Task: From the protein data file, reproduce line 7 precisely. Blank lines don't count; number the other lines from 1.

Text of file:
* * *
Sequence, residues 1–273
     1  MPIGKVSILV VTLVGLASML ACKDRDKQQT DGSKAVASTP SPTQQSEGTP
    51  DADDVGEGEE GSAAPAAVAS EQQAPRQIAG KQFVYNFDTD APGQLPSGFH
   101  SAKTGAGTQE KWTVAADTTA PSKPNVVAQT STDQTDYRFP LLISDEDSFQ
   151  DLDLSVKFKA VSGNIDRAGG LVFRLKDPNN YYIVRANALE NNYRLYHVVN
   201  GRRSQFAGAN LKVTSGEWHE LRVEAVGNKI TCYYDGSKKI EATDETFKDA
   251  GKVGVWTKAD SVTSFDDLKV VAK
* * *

   251  GKVGVWTKAD SVTSFDDLKV VAK